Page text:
Clearly there is some value to pursuing activities that one finds interesting and even more specifically to trying to find some work or occupation that doesn't make you want to jump off a building. However, the idea of following your dream 1) should be reserved for serious cases, 2) can have deleterious effects on mental health.
1) Just because you happen to either enjoy your job or be relatively content in your everyday life does not entitle you to say that you are following your dream. People following dreams are either people involved in occupations with high barriers to entry and a large ratio of contenders to success where a rational evaluation of one's chances would lead one NOT to try for that success, or they are people who have wanted to be a geologist since they were 5 and now are a geologist having not ever seriously pursued any alternative career path. People following dreams either value the unlikely payoff extremely highly (actors etc.) or value the payoff from performing the activity regardless of the external rewards. Narrowing the definition would exclude most people from qualifying as "following their dream".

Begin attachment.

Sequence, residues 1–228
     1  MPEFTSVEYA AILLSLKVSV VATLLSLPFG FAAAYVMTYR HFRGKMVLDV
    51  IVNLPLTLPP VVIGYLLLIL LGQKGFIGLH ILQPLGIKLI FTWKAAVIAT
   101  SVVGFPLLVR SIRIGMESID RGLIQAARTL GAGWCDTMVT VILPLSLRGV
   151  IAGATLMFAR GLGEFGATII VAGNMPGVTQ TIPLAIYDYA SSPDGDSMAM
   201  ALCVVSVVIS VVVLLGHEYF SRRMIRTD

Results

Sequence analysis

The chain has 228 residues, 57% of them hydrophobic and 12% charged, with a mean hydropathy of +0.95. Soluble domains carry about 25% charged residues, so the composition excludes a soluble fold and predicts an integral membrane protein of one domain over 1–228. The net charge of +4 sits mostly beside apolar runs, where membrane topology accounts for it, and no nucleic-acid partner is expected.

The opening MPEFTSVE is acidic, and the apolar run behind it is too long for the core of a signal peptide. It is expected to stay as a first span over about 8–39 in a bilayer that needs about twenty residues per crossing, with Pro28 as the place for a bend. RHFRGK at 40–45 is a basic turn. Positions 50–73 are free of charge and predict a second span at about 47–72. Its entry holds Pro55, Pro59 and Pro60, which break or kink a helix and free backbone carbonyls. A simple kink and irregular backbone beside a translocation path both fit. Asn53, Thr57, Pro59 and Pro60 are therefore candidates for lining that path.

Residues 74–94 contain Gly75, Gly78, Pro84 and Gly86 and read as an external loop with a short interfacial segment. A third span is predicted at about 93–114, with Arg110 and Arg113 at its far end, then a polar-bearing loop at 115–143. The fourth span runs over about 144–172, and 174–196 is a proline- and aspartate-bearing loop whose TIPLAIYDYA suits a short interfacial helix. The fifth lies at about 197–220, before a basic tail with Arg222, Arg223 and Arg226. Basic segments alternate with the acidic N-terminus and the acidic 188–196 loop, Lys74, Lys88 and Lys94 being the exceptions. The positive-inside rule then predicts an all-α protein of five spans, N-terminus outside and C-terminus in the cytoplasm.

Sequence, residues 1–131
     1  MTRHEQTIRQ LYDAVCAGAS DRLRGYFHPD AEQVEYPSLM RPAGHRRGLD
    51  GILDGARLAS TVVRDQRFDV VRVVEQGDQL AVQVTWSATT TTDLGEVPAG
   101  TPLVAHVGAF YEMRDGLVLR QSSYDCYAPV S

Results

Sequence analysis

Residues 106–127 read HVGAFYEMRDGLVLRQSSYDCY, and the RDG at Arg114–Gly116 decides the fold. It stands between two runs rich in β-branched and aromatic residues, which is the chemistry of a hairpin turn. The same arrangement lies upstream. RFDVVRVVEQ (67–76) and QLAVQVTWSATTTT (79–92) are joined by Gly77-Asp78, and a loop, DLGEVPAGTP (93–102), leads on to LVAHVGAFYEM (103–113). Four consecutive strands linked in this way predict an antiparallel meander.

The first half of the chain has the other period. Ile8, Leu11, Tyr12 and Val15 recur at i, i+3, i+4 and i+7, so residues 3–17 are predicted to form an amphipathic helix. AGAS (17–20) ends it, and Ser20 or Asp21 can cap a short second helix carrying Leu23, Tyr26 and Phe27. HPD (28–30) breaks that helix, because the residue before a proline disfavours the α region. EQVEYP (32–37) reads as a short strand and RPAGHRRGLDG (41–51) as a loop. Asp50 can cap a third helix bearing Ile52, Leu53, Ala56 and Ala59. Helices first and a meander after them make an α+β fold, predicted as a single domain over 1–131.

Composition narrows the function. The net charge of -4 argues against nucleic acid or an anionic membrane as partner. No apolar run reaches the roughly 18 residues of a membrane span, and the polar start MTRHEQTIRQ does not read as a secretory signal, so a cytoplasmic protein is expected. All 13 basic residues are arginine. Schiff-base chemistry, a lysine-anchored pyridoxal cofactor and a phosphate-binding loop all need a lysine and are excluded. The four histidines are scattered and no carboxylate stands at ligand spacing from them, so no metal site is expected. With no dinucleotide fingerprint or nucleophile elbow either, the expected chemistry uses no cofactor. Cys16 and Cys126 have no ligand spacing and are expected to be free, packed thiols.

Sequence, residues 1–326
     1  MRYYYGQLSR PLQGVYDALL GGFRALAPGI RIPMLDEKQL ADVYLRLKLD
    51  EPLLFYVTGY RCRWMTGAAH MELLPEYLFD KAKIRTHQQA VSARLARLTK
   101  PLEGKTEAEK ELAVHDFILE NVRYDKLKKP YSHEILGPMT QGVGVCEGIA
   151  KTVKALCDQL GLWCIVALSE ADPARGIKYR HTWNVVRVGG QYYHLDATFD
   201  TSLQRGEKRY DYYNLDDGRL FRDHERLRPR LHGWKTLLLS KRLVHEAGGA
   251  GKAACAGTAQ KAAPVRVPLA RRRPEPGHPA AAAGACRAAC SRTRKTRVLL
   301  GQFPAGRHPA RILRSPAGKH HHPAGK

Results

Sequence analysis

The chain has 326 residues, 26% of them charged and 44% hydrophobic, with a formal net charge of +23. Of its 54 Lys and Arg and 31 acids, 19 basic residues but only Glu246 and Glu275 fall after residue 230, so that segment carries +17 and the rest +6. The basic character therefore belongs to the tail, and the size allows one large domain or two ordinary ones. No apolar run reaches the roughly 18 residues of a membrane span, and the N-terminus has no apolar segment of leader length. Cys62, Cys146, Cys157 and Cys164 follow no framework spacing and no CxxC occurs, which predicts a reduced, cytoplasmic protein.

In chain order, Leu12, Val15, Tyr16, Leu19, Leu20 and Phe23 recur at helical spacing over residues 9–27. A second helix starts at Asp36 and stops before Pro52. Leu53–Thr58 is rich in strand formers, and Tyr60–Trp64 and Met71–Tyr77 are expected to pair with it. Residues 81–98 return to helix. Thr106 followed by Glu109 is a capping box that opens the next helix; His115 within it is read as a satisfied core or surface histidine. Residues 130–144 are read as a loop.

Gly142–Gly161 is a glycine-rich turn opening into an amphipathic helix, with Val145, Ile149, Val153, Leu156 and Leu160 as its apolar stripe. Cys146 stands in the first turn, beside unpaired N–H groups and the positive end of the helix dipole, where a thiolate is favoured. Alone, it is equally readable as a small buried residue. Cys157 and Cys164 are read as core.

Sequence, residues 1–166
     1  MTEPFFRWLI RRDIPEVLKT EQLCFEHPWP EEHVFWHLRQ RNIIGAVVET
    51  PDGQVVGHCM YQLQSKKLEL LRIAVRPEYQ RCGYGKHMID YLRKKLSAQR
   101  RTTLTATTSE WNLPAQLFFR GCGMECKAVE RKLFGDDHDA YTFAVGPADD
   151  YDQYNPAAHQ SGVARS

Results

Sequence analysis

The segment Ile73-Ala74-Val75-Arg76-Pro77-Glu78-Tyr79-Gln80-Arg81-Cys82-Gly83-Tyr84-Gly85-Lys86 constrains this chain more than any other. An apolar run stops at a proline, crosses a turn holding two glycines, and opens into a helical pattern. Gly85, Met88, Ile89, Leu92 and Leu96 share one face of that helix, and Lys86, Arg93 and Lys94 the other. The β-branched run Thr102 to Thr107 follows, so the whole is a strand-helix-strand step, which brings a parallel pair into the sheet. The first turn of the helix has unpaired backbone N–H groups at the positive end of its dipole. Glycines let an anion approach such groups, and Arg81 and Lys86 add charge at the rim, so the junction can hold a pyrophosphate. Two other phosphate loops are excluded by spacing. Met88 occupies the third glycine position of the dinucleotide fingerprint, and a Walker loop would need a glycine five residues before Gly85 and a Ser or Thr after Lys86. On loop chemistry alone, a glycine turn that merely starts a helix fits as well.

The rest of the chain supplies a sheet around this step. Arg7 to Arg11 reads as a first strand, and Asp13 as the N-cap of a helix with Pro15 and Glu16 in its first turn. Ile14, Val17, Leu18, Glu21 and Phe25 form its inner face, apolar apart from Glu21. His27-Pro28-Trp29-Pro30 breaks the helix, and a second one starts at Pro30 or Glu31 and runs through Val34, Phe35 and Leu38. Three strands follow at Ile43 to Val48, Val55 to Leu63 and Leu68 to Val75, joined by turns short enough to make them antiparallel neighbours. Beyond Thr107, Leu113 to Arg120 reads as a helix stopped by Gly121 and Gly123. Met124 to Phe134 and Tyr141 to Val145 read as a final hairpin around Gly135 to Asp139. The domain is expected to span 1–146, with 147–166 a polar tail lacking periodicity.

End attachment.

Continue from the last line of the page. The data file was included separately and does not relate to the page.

2) Surely it is no one's dream to be a middle manager in a regional paper distributor. But that does not mean that you cannot enjoy that job, nor does it mean that you cannot have a successful life if you either do not have a dream or try for a career that you end up not being successful in. The narrative that only people who follow their dreams are happy might mean that people are too rigid in choosing career paths, or that they feel like they have let themselves down if they cannot, for reasons entirely outside their control, pursue their first-choice career. It also has a tendency to overweigh life satisfaction derived from one's job and excluding the possibility of earning money to eat doing one activity (work) and spending one's leisure time doing something fun.
So, my point is that if I end up not getting a tenure-track academic job, everything will be alright (tremble).